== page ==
The long lasting relationship we build with our cars is a testament to the love of what we do. It becomes more than just a machine, a tool to get from point a to point b. We have our ups and downs, it develops a personality; or rather, we attach a personality to it. Probably just an extension of our own with a little twist. We enjoy seeing it go through phases, as we test new parts, and build it to our own specification. You become a team as others begin to associate you with your car. This feeling we get, a sort of satisfaction of having something become a part of us…can you imagine what it would be like if you owned the car for 20, 30 years? What if that car was nearing 40 years in age? 40 years of moments, half a life time of memories shared. With this in mind, a car, may not seem so lifeless after all.
This same case applies to Kuni-san’s infamous Wood Village S30. A Fairlady Z that is reaching it’s 40th birthday. A car that he has been building for just about 10 years now, with much of that time being spent behind the wheel, on circuit.
In that time though, the car has seen many changes. I wouldn’t be wrong in saying that the majority of people would be surprised to see such a nostalgic chassis used as a time attack machine. Keep in mind though, while it may not be the most modern, the S30 has an immense history in motor sport. Aside from that, this is not your ordinary Z car…
The widened arches, along with the huge, one-off custom FRP air dam on the front end make up a good amount of updated aero on the car. The large gt wing taking care of stability of the rear end.
Now, with a car this old, the chassis itself is probably a little tired. Kuni took care of this obstacle by welding in a gusseted 23-point roll cage which offers both safety and extreme rigidity for the older chassis. At the same time all the heavy glass was replaced by 3mm acrylic to make up for some of the added weight.
Surprised? The heart of the S30 has always been the L-Series engine. In it’s original form, this 2.8 liter power plant has powered the Z car to many victories in the past. Attack, however, is a bit different. Knowing that he’d need to increase power to be competitive the L-series is far from it’s original form. Although, still N/A (very traditional in keeping it so), the engine now sings to the tune of 337 ps. No longer the 2.8 liter it started as, the displacement has been increased to 3.2 liters with updated carbs and fuel delivery system.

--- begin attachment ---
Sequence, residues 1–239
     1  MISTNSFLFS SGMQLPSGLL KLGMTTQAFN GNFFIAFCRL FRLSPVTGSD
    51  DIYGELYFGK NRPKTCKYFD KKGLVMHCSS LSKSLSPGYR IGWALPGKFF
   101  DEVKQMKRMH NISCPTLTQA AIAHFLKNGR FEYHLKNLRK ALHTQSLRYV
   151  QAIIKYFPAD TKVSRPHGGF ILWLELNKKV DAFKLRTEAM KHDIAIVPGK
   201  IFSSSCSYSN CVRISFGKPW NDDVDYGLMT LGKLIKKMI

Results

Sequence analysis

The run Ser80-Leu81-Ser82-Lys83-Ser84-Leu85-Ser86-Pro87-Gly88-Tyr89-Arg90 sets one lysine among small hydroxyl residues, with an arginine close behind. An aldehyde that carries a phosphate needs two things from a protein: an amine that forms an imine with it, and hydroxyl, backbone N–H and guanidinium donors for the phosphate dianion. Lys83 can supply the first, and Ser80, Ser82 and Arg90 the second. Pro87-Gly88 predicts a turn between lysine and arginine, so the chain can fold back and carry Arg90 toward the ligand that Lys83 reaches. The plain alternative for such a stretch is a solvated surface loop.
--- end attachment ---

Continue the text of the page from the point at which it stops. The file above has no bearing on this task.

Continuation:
The updated engine is mated to a newly installed HKS 6-speed dog box transmission. While the gears are pounded through a OS Giken triple disc clutch assembly and a R200 differential puts the power to the axles.
Sendai Hi-Land Raceway tribute to Tohoku decal (Revival Tohoku!).
This car, and it’s owner, are no stranger to TC2000. Made famous on the asphalt of Tsukuba, you’d be hard pressed to find an enthusiast who doesn’t know of this car. This day though, yielded mundane results for a duo whose best at TC200 was clocked at 59.674. A time in fact, that marks the first, and the fastest L-series powered car around the course. With a best of 1’00.378 for the day, he was able to get close to sub one minute, but unfortunately not reach it. You can be sure he will achieve it again though, sooner rather than later.
Breaking hard into turn one, any doubt this car can perform is thrown out the window. As the N/A engine screams under strain you realize that this car was built for one reason, and one reason only.
The turns of Tsukuba handled by a custom set of ZEAL dampers mated to 10k and 8k springs respectively. A Nismo 23mm stabilizer bar is used up front, while the rear is handled by a custom setup. The big brake kit up front, originally meant for a FC3S, handles the majority of the stopping power as the Advan A050’s tirelessly maintain grip.
Polished black, three piece SSR SP1’s give both a stunning visual, and the lightweight strength needed for concurring Tsukuba.
I’m sure we’d all like to have a car in which we can enjoy such a long lasting relationship with. I’ve personally owned my own car for 14 years now, and I can understand that relationship now, but what will it be like 20 years from now? There is no way to tell, but I can tell you this though; it doesn’t matter what car you drive. You make it what you want. I’ve had days where there is nothing more I wanted to do than to sell it, and I’m glad I didn’t…I can imagine Kuni-san has had some of those same days – as have many of you.
It’s safe to say we’ll be seeing more of Kuni-san and his circuit partner in the coming years. I can’t wait to see what they have in store next.
Ride along on one of his sub-one minute laps ~